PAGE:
By the way, his second string quintet, Op. 16, might make you think he then went on immediately to compose a companion piece, but it actually dates from three years later. Like I said, composition came slowly for him and, like any teacher and scholar, there were other things frequently getting in the way of his creative time.
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Taneyev, like Glazunov, is one of those “between-the-generations” composers, taught by their famous teachers like Tchaikovsky or Rimsky-Korsakov, and famous for their pupils, like Rachmaninoff and Scriabin, and later the two giants of the Soviet Era, Prokofiev and Shostakovich, but otherwise, by themselves, often overlooked (at least in the wider world). This whole generation is overshadowed by the past and the future, ironically, but lets examine one aspect of this connection with the past.
|Taneyev playing Tolstoy's piano (c.1895)|
Once Taneyev rescued Tchaikovsky's 1st Piano Concerto from a potentially disastrous Moscow premiere by replacing the original soloist, Tchaikovsky was so impressed, he dedicated his tone poem, Francesca da Rimini, inspired by Dante, to Taneyev in 1876. When the intended soloist of his 2nd Piano Concerto died before the premiere, Taneyev again gave the work its Moscow premiere in 1882. Then, when Tchaikovsky himself died before realizing what to do with his one-movement 3rd Piano Concerto – it had started out as his 7th Symphony – Taneyev edited two other works to create a full three-movement 3rd Concerto which is even less often heard than the 2nd.
During this friendship, Taneyev was one of the few people Tchaikovsky could turn to for musical advice and, being notoriously thin-skinned when it came to criticism, often regretted it but realized it was intended honestly and often true to the mark. Taneyev could get away with making comments that none of Tchaikovsky's other friends would dare consider, leading to a kind of “fear” the older composer had when he did ask for it (and which often resulted in the response, “well, he asked for it...”).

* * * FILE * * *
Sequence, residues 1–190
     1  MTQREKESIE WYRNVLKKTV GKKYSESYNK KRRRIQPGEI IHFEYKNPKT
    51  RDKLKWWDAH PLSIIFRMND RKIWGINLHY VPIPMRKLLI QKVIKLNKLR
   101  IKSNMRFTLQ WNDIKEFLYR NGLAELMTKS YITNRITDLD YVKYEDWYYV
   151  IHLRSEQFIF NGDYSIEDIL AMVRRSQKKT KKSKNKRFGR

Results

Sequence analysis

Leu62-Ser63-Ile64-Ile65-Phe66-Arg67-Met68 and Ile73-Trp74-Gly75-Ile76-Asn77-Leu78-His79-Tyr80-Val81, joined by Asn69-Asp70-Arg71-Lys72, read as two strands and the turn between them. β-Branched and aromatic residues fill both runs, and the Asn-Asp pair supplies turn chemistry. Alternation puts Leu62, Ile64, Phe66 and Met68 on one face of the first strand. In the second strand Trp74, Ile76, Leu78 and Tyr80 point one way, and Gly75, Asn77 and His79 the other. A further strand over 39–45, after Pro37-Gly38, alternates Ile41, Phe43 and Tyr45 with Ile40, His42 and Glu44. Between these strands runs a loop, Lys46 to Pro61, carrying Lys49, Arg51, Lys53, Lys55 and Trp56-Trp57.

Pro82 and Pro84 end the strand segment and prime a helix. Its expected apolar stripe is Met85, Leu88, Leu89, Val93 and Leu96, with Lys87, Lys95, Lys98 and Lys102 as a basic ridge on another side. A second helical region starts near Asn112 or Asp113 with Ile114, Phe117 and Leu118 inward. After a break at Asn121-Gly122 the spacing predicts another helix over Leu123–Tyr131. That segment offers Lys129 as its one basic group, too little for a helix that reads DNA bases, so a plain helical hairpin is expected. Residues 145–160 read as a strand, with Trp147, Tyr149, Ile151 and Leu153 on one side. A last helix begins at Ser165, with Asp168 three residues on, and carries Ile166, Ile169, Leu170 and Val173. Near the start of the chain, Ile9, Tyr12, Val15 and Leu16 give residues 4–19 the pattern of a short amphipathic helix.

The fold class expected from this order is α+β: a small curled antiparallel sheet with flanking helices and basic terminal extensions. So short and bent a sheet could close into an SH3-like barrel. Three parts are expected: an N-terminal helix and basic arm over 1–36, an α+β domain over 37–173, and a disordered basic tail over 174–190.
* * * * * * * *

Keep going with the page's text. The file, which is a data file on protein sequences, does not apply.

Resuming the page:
One of Taneyev's later students wrote about this aspect of his relationship with Tchaikovsky: “I think [Tchaikovsky] was unnerved by the overt frankness with which Taneyev reacted to [his] works: Taneyev believed that one must indicate precisely what one finds to be 'faults,' while strong points would make themselves evident. He was hardly fully justified in his conviction: composers are a nervous lot and they are often particularly dissatisfied with themselves. Tchaikovsky was just such a person: he worried himself almost sick over each work and often tried even to destroy them...”
Yet the younger man had his humorous side and wrote a little ballet for Tchaikovsky's birthday one year, something with an absurd scenario and music that was “a contrapuntal pot-pourri” of themes from Tchaikovsky's works. There were also several parodies (like “Quartets of Government Officials”), comic fugues and variations as well as “toy symphonies”!
While it could be mentioned that Tchaikovsky, Nikolai Rubinstein, and Glazunov were “Homeric drinkers,” surpassed only by the unfortunate Mussorgsky, Taneyev was uncharacteristically a teetotaler. Not surprising.
If anything, however, today we might wonder if perhaps that isn't what's missing from his music...
- Dick Strawser